Sunday, April 30, 2017

100 Days Of Trump

Donald Trump has been president for over 100 days and 45 extolled his accomplishments to a faith crowd in Harrisburg Pa. over one-hundred miles from Washington.

The appointment of Neil Gorsuch to the Supreme Court pleased his constituency and he deluged the government with over 200 executive orders bypassing Congress, however his first attempt at dismantling Affordable Health Care failed to reach the floor of the House and his Wall to protect the southern border with Mexico remains a figment of his imagination. Donald spoke before the NRA and thanked the gun lobby for their support. His tweets have threatened North Korea and Trump ordered the Navy to nail a Syrian air force base in revenge for Assad's poison gas on Aleppo. # 45 is a little gun crazy, which scares a world seeking peace.

ICE or the Immigration Bureau has been ordered to round-up illegals, but sanctuary cities rejected his edict.

The President banned citizens from seven Muslim nations from entering the USA.

This executive order was rejected by the courts.

Trump has railed against these failures.

So how bad have been the first 100 days of Trump.

Bad, but not Hitler bad.

The SS aren't walking down the streets of New York.

Beers at the 169 are still $2 at Happy Hour.

The KKK are there.

The police are still killers.

But Trump does not have the support of the nation.

Not 40%.

And there is no wall with Mexico.

Only san in the wind.

Tuesday, April 25, 2017

GARRISON JUNCTION by Peter Nolan Smith

In the late summer of 1972 my college friend and I hitchhiked across across Montana. The interstate was under construction. Ptrov and I got stranded in Garrison Junction for a good reason.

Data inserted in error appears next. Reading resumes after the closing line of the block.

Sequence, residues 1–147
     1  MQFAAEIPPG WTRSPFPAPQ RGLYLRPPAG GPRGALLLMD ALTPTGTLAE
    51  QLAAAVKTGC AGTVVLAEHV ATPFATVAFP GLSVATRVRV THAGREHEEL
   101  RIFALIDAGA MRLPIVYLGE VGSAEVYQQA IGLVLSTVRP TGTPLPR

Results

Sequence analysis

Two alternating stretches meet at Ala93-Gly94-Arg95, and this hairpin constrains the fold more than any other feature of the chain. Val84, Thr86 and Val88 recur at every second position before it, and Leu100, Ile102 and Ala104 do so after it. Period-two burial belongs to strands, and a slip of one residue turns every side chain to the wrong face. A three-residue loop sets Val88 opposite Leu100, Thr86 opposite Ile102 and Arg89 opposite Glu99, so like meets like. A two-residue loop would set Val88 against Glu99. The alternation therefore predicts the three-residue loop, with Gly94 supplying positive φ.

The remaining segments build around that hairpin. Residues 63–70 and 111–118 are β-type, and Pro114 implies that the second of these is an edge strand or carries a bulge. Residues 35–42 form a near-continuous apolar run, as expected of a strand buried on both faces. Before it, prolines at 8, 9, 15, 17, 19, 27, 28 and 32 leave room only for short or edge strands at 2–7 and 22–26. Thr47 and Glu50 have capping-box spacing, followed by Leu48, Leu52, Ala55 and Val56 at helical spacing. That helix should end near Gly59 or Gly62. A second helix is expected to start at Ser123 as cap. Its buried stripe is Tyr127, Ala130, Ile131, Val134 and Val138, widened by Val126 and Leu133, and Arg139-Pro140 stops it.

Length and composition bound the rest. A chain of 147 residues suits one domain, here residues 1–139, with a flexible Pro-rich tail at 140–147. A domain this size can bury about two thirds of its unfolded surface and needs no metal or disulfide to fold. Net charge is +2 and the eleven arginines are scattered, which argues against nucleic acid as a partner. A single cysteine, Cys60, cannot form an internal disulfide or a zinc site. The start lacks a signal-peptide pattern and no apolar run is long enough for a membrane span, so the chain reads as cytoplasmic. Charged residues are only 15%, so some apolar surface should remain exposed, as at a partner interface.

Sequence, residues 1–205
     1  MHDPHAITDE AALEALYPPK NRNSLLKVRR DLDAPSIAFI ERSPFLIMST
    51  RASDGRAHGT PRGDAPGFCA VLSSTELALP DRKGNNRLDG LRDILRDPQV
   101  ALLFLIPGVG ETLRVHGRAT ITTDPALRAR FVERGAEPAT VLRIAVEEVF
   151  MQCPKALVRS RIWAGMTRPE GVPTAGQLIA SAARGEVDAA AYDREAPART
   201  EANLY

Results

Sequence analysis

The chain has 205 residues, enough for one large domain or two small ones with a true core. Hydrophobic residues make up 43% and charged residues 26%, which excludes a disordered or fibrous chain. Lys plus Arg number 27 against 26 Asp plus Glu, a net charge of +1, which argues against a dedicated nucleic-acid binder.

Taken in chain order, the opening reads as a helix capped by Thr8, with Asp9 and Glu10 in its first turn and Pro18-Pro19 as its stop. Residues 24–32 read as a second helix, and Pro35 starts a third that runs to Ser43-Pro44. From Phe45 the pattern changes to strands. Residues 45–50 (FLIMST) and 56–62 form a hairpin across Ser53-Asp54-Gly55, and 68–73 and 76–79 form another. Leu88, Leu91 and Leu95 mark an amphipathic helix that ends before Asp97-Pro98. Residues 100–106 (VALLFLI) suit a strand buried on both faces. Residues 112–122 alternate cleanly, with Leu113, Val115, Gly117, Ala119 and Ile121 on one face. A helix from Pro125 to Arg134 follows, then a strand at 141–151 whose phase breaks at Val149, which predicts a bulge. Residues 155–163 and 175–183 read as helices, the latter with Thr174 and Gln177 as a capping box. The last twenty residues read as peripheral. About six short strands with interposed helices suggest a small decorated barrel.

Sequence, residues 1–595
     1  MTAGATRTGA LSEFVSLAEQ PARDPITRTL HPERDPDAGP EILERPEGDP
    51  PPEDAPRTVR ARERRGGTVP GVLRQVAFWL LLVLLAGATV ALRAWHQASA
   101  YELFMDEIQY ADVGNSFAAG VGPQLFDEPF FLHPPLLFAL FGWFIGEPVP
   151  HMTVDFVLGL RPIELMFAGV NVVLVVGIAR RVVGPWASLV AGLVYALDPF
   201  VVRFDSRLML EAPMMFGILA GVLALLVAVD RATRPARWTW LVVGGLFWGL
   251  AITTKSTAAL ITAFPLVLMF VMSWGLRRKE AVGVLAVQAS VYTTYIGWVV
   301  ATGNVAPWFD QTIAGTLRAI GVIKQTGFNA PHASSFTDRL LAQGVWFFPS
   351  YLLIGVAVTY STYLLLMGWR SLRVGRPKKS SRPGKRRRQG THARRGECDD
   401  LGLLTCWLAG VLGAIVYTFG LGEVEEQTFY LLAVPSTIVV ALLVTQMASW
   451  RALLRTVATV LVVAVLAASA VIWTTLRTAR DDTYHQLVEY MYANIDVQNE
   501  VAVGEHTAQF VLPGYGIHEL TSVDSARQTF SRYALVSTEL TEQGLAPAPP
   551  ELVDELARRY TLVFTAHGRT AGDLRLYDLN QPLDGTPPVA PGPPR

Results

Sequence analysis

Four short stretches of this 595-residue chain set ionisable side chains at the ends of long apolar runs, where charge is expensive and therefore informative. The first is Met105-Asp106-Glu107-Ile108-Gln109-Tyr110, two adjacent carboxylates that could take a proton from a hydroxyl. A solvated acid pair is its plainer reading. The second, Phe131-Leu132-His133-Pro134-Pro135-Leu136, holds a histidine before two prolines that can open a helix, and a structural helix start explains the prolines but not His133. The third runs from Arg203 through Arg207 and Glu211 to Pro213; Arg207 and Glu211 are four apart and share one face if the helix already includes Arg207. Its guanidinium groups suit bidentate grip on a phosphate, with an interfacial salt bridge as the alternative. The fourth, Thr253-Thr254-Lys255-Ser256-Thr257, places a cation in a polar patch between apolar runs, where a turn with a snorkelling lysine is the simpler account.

Twenty miles farther south was the Montana State Prison.

A sign warned motorists about escaped convicts.

No one was taking a chance on two hippies not being members of the Manson Family and we waited for hours.

I thought about jumping on a train.

Which was never good idea in the high plains.

Trains usually went to a nowhere more nowhere than where you were.

"Just be patient. We can't change anything. We are here. Nowhere else. Sooner or later we won't be here."

"Like an anti-Black Hole?"

Ptrov and I were math majors.

We understood a little more of the universe than the rest of the world.

Around sunset a Marine and his brother stopped for us. They were heading to Woburn.

Only twenty miles from my parents' house on the South Shore. We made the trip in two days. My mother was happy to see me, but said after a hug, "Take a shower. You smell like a hobo."

Actually I smelled worse and over the years Deer Lodge faded from my memory.

In the early spring of 1994 Ms. Carolina and I were on a road trip through Montana, Idaho, and Wyoming. She liked the open road and Montana's speed limit was 'whatever was reasonable and proper.

Someplace east of Missoula Ms. Carolina passed a state trooper cooping in front of a truck piggybacking two trailers. The Chevy's speedo was wavering over 100.

"Don't hit the breaks. It's a sign of guilt," I warned from the passenger seat. The speed limit in Montana was whatever was reasonable and prudent.

She stepped on the gas and the cruiser remained in its hiding place.

The Big Sky Country was good for speed and cattle.

"Slow down, slow down." We had exited the Interstate.

"What is it?" Ms. Carolina checked the rearview mirrors for a state trooper.

"This is Garrison Junction. Where Ptrov and I were stranded for a day. Pull over."

Ms. Carolina had heard the story and pulled onto the shoulder.

Once the Chevy came to a stop, I got out of the car. Ms. Carolina joined me.

"Does it look any different?"

"A little wider and there used to be a sign here saying NO STOPPING HITCHHIKERS COULD BE ESCAPED CONVICTS."

"Not a good place to be stuck."

"And we were stuck. By evening we were going to jump a train to get out of here." Today the rail junction was empty of freight cars. "It didn't matter where it was going as long as it was out of here."

In the anti-Black Hole, but not today and Ms. Carolina broke the power by saying, "Not much of a place."